I have cookware coming out of my ears (and cabinets).  I bought my first All-Clad right out of school and kept acquiring pieces for the next 20 years. And now I have All-Clad for all occasions from stock pot to fish poacher.  From oval braiser to butter warmer.  I use them all-different pots for different tasks.  I have a few non-stick skillets too which I find indispensable for crepes, French omelets and other quick cooking tasks where I don’t want to use a lot of fat and the food tends to stick.  But the workhorse of all my pans are my cast iron skillets. I have three of differing sizes and heavy as they are I find myself whipping them out daily.

Briefly, here how I use my pans:

All-Clad (fully clad in stainless with aluminum core for heat conduction): skillets for cooking where I want a “fond”-that brown film that comes when you cook a protein that seems to “stick” to the pan.  It is essential for pan sauces.  All my saucepans, stockpots and pasta pots are this kind of stainless. anything that requires boiling water goes in these pots.

Why: great heat conduction, even cooking, quick recovery to temperature changes

Non-stick coated: eggs, crepes, omelets and tasks where non-stick is essential to turning out a good product.  Sticky cooking especially.  I make a mean Tatin in my non-stick skillet.

Why: easier cleanup and clean turn-out guarantee

Cast Iron: braises, frying, casserole and one-pot meals, stove-top to oven cooking, grill cooking

Why: retains heat, gets very hot, can be non-stick if seasoned properly and maintained

 

(Bare) Cast iron is versatile, very long lasting, retains heat and is very affordable.  The down side of cast iron is it is heavy, can rust, needs to be maintained (re-seasoned occasionally and dried well with each use), heats slowly and unevenly and if scrubbed with harsh soap, will need to be re-seasoned.  Cast iron is not great for acidic foods (like tomatoes), as the acid can react with the iron and give an “off” taste to your dinner.  You are probably not going to make a stir-fry in your cast iron skillet merely due to the weight since you will have trouble jiggling and quickly moving cast-iron.

Always preheat your cast iron frying pans before frying in them.  Water droplets should sizzle, then roll and hop around the pan, when dropped onto the heated surface.  If the water disappears immediately after being dropped, the pan is too hot.  If water only rests and bubbles in the pan, it is not quite hot enough.

People often ask me about seasoning or curing cast iron cookware.  This is essential before using your cast iron.  Seasoning means filling the pores and voids in the metal with grease of some sort, which subsequently gets cooked in.  This provides a smooth, non-stick surface on the inside of the cast iron pan and is vital to the usability and longevity of your pan.  It is important to note that most new (not old cast iron cookware) cast iron pans and skillets have a protective coating on them, which must be removed.  This is used to protect the pan from rusting if water happens to get in it-at a warehouse or on the showroom floor.  American companies use a special food-safe wax; imports are covered with a water-soluble shellac. In either case, scrub the item with a stainless-steel scouring pads (steel wool), using soap and the hottest tap water you can stand.  Then season the pan as below.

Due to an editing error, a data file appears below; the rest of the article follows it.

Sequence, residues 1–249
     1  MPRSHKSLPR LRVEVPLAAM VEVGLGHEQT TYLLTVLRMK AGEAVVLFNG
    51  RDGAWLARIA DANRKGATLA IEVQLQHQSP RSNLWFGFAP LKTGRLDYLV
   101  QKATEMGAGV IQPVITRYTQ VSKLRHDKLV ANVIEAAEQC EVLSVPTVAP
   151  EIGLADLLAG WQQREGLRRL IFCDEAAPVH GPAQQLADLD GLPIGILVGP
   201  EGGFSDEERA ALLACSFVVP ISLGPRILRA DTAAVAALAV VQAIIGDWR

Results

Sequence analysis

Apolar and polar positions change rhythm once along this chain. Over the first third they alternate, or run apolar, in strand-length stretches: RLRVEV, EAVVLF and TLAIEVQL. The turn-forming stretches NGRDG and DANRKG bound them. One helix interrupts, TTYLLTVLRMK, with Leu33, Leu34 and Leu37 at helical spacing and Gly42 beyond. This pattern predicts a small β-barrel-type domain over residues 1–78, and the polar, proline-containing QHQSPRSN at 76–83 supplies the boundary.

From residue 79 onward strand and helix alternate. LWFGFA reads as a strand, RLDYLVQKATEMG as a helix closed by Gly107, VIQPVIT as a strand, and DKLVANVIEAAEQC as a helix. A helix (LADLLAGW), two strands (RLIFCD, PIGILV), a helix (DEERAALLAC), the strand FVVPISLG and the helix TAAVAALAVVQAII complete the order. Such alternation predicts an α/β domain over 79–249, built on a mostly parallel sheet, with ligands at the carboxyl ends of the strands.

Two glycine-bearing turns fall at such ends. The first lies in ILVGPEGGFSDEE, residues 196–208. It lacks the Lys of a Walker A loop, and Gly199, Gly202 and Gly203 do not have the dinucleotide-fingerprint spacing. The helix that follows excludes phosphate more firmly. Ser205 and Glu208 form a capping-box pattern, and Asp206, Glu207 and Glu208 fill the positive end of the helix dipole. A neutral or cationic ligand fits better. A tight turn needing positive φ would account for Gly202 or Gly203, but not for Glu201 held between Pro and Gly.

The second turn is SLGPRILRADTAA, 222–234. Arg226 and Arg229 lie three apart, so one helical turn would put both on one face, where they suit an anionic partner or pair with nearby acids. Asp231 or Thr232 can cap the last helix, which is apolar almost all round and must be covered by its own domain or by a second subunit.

How to season a cast iron pan:

  1. Rub the pan with a relatively thin coat of neutral (no taste) food-grade oil such as canola.  Rub the oil off with paper towels or a cotton cloth.  The pan will look like there is no oil left on the surface, but it’s there (the pan will look dry, not glistening with oil).
  2. Place the lightly-oiled cast iron pan, upside down, in a 450 to 500-degree F oven, with a sheet of aluminum foil on the bottom to catch any drips.
  3. Heat the pan for 30 minutes.
  4. Turn off the oven and let the pan cool to room temperature in the oven.
  5. Repeat this process several times to create a stronger “seasoning” bond.  Be aware that you may have some smoke while you are seasoning the pan-this is normal.

The oil fills the cavities and becomes entrenched in them, as well as rounding off the peaks.  By seasoning a new pan, the cooking surface develops a nonstick quality because the formerly jagged and pitted surface becomes smooth.  Also, because the pores are permeated with oil, water cannot seep in and create rust that would give food an off-flavor.  Your ironware will be slightly discolored at this stage, but a couple of frying jobs will help complete the cure, and turn the iron into the rich, black color that is the sign of a well-seasoned, well-used skillet or pot.

Let your pan cool before washing it, as very cold water in a hot cast iron pan could crack it. 

To clean your cast iron pan, wash it with very hot water and a little mild soap. I know, there is a lot of controversy about the soap part, but the oil will become rancid if you don’t remove the residual cooking oil and it’s impossible to remove that oil without some kind of surfactant.  Dry well and immediately.  I leave my pan on the range, preferably on a warm burner, to make sure it is thoroughly dry before I put it away.  I also leave a paper towel in the pan to absorb any moisture that might still be there.  Cast iron needs to breathe to release any residual moisture, so if your pan has a lid, store it off of the pan.  Never put your cast iron in the dishwasher.

Remember – Every time you cook in your cast iron frying pan, you are actually seasoning it again by filling in the microscopic pores and valleys that are part of the cast iron surface.  The more you cook, the smoother the surface becomes. Now enjoy your pan! And pass it along to your kids.

 

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